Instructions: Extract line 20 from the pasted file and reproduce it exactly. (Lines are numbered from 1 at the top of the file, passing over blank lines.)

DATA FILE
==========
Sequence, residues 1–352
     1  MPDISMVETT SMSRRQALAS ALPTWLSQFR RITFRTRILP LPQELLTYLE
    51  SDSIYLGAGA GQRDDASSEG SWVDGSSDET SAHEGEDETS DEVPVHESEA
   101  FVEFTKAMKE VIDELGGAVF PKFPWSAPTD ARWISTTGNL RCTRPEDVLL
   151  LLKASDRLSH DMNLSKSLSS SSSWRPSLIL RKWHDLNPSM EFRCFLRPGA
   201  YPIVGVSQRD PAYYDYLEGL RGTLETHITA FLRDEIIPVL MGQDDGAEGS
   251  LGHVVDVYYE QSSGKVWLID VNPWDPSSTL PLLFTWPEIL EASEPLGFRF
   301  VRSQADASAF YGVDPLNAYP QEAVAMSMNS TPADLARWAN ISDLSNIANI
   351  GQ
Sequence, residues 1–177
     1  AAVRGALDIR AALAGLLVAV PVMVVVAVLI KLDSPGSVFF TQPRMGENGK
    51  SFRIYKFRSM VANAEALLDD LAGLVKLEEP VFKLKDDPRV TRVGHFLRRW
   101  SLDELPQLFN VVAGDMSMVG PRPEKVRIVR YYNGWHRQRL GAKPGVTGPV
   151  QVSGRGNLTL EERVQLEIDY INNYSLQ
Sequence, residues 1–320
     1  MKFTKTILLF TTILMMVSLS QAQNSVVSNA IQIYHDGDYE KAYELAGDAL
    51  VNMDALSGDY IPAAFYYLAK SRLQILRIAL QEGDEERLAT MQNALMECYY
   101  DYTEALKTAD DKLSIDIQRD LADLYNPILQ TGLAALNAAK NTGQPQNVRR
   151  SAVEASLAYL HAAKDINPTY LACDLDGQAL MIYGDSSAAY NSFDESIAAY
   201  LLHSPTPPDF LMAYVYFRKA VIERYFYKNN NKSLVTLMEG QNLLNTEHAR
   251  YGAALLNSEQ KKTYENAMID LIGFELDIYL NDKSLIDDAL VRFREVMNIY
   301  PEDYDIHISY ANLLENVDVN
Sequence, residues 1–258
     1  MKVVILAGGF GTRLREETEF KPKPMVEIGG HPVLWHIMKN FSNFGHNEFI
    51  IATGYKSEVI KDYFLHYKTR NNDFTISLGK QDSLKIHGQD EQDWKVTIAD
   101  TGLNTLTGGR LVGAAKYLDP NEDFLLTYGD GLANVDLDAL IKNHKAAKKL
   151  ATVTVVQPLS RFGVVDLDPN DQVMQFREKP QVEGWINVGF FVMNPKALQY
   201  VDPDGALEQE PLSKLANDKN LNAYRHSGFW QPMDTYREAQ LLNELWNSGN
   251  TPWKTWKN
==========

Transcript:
   201  LLHSPTPPDF LMAYVYFRKA VIERYFYKNN NKSLVTLMEG QNLLNTEHAR